The International Federation of Red Cross and Red Crescent Society (IFRC) warns early seasonal drought in the Democratic People's Republic of Korea (DPRK) could exacerbate hunger, malnutrition and health problems for thousands of children, pregnant and breastfeeding women, older people and the chronically ill.
The drought, which started in early spring after months of unusually erratic weather, is harming crops that should be harvested in June and September, IFRC reported.
In all, an estimated 10.1 million people (40% of the population) are in need of urgent food assistance – a situation that this drought could only worsen.
2019 drought follows below average (12%) food production in 2018, the lowest in a decade.
"We are particularly concerned about the impact that this early drought will have on children and adults who are already struggling to survive. Even before this drought, one in five children under five years old was stunted because of poor nutrition. We are concerned that these children will not be able to cope with further stress on their bodies," said Mohamed Babiker, head of the IFRC country office in DPRK.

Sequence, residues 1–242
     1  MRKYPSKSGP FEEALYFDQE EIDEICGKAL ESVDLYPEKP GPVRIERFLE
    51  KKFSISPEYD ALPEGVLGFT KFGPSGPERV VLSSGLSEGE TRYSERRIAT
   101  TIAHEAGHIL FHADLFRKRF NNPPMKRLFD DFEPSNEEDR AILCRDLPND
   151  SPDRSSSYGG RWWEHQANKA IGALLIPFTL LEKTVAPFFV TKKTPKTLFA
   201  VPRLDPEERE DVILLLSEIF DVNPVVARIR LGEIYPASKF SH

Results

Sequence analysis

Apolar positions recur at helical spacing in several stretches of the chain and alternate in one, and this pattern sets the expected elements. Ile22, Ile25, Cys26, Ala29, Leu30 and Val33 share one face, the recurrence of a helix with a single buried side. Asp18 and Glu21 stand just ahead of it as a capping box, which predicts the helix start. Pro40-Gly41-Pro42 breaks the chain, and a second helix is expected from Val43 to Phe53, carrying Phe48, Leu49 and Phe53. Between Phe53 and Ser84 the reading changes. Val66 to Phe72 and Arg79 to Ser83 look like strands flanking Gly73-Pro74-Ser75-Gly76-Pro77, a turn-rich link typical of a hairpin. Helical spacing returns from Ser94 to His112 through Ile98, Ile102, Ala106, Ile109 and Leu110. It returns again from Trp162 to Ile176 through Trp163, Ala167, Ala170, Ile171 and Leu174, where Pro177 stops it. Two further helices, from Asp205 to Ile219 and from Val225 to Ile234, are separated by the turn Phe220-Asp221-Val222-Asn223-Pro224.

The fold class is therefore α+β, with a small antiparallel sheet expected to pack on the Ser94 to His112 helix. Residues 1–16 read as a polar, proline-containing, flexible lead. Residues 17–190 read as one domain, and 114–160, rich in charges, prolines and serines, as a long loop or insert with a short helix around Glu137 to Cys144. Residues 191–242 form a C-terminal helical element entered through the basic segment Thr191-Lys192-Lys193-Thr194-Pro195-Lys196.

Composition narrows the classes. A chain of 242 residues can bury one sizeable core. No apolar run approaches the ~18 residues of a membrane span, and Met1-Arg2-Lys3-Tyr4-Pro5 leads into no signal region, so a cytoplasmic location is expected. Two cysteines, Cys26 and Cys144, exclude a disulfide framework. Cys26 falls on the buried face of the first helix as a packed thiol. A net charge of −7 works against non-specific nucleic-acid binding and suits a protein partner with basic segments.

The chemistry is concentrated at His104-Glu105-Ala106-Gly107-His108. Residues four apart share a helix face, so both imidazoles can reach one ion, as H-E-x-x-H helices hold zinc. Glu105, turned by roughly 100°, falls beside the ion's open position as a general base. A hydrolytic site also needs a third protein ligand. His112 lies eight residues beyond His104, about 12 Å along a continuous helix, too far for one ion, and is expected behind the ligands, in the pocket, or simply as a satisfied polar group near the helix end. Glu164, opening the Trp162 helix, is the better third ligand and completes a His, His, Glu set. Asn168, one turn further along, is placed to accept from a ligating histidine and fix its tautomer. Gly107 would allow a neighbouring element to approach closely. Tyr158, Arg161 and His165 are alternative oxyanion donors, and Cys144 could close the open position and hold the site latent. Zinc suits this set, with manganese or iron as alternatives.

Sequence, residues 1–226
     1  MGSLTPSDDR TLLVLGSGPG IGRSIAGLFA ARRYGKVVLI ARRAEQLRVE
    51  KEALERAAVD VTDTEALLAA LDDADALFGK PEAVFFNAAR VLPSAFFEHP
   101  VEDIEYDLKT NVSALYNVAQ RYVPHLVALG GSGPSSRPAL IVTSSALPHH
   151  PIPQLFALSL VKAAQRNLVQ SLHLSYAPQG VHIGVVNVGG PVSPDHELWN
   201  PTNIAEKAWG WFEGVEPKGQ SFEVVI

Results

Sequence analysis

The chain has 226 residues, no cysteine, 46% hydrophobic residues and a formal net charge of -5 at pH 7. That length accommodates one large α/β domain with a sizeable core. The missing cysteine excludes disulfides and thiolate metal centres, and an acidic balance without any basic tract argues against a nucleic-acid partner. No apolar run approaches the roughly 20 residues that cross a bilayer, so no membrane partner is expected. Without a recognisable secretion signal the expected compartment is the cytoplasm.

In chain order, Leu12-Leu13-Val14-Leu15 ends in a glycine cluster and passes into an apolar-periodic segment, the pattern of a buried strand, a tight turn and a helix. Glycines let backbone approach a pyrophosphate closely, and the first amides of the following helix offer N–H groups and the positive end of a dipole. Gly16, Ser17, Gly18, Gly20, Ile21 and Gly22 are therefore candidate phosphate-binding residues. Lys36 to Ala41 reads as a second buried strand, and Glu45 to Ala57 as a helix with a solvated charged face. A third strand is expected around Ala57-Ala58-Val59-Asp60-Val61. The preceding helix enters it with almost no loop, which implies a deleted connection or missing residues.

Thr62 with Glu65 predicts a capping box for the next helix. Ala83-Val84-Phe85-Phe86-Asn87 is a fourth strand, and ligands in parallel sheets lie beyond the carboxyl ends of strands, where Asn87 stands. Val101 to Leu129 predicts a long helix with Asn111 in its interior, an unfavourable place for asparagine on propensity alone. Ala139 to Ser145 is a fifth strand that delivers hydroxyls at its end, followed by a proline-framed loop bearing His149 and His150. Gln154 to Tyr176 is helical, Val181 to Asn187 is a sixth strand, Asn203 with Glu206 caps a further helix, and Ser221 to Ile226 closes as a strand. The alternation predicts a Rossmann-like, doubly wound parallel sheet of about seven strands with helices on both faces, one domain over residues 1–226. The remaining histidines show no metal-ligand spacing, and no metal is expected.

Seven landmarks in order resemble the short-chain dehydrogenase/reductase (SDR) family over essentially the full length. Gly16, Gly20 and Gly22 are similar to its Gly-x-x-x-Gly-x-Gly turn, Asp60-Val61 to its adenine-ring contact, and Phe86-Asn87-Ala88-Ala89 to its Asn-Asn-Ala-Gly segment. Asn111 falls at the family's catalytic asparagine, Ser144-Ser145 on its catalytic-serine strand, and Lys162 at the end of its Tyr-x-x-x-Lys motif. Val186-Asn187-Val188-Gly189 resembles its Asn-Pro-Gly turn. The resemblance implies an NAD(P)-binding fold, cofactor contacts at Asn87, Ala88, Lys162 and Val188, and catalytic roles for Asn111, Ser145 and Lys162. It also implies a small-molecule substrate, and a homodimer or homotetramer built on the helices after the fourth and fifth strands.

"It seems clear, looking back at data collected over the past 50 years, that the current climate issues in DPRK are strongly related to climate change. What we see now is lack of snow during the winter leaving crops exposed to freezing temperatures as well as prolonged dry spells due to rainfall that is lower and less predictable. For people who are living on the margins, these changes can be devastating," IFRC’s disaster risk management delegate Daniel Wallinder said.
Featured image credit: Clay Gilliland
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